20,000 Drones Under the Sea

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20,000 Drones Under the Sea
By: Andrew Metrick

Early in November 2015, Russia let slip that it is in the process of developing a new unmanned underwater vehicle (UUV), or as it is more commonly called, an underwater drone. This drone, with the simultaneously innocuous yet menacing Russian designation of “Oceanic Multipurpose System – Status 6,” supposedly has a range of 5,400 nautical miles and a top speed of 100 knots. Most terrifying of all is this system’s payload and purpose. Equipped with a megaton range enhanced radiation nuclear warhead, the Status 6 is directly aimed at destroying coastal cities both with its explosive force and extreme radioactive potential, even compared with “conventional” nuclear arms.

The existence of such a nuclear-armed system is questionable given the carefully scripted nature of the “leak.” However, it is clear that nations such as China, India, France, Great Britain, Japan, and Russia are all interested in developing UUVs for a host of missions. A number of other, less technologically advanced nations are likely to be interested in purchasing UUVs from more advanced suppliers.

If not nuclear doomsday weapons, what value do these systems have? First, such systems are much cheaper to field and maintain than manned submarines. This makes them appealing to small navies with limited resources, as well as large, well-resourced navies looking to augment their traditional submarine fleets. Second, due to their small size and correspondingly minute sonar signature, UUVs are extremely dangerous in littoral waters. A persistent, armed UUV on station outside an adversary’s naval base could alert, track, and if necessary destroy an enemy surface or submarine force before it could enter the fight. In addition, underwater drones can provide relatively robust surveillance capabilities for nations interested in enhanced monitoring of their territorial waters.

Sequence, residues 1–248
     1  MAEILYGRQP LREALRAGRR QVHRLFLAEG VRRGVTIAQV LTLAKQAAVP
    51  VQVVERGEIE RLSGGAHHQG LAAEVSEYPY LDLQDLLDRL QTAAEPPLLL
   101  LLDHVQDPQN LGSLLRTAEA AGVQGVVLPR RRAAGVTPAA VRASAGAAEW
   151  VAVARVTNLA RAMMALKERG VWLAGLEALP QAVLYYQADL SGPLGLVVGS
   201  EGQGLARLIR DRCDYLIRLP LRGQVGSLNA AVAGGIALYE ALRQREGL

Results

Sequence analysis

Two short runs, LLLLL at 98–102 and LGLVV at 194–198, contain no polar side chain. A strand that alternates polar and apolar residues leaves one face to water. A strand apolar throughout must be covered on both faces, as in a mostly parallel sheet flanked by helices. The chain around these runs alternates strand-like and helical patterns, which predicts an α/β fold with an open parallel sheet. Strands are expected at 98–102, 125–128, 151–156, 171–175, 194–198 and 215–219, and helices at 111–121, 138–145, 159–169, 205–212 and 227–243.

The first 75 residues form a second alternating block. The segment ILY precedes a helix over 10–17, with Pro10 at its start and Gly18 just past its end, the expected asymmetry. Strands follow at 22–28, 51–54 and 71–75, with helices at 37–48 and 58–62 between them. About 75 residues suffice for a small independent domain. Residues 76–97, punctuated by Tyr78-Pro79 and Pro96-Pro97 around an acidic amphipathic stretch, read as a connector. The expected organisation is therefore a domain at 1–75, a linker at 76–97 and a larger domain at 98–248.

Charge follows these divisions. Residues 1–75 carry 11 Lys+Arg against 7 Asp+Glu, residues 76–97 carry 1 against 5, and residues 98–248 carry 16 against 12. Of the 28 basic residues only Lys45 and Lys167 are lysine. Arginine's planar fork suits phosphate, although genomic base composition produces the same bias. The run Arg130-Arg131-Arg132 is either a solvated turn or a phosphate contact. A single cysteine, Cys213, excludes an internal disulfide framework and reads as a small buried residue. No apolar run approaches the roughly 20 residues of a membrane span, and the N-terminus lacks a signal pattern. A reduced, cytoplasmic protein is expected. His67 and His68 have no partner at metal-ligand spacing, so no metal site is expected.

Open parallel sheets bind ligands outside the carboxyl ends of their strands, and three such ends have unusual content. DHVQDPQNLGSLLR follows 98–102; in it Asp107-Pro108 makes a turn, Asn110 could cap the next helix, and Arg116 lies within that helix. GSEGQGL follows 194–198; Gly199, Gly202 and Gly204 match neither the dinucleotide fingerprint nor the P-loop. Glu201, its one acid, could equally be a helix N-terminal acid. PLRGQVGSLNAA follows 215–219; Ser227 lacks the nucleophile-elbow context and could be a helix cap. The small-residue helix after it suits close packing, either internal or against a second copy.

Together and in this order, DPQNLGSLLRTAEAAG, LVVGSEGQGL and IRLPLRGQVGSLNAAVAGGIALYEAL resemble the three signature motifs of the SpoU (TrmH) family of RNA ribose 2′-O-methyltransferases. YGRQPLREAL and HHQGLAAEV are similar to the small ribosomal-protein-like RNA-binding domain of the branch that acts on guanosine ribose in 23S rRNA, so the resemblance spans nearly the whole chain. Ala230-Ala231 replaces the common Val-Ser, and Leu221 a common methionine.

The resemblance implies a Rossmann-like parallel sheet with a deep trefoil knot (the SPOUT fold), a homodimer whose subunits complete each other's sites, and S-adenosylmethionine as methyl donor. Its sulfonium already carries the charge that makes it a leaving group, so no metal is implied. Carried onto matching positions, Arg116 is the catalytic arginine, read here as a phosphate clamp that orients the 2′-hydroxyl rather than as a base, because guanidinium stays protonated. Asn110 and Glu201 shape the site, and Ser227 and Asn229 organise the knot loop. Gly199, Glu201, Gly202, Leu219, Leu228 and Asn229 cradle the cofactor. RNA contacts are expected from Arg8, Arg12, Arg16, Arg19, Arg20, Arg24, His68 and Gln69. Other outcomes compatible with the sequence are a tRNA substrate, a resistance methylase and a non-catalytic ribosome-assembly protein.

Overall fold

Recognizing the potential advantage of such a capability, the U.S. Navy has undertaken significant development work in this field. The former chief of naval operations, Admiral Jonathan Greenert, was vocal in his belief that autonomous UUVs would be required in order to maintain U.S. undersea dominance. The Office of Naval Research is leading the development of the largest underwater drone, the creatively named Large Displacement Unmanned Underwater Vehicle (LDUUV), set for a prolonged field trial in 2016. It should be noted that despite its name, the LDUUV is only about 30 feet long; compare this to the largest U.S. manned submarine, which is more than 550 feet long. The Navy has already tested smaller underwater drones meant for underwater surveillance, most notably from the USS North Dakota, a Virginia-class submarine, operating in the Mediterranean.

While they may never be able to match the capabilities and endurance of a manned, nuclear-powered submarine, UUVs have the potential to dramatically affect the conduct of war at sea. Given their potential, the U.S. Navy must begin to think about and prepare for a world of 20,000 drones under the sea.

Andrew Metrick is a research assistant with the International Security Program at CSIS. Other posts by .


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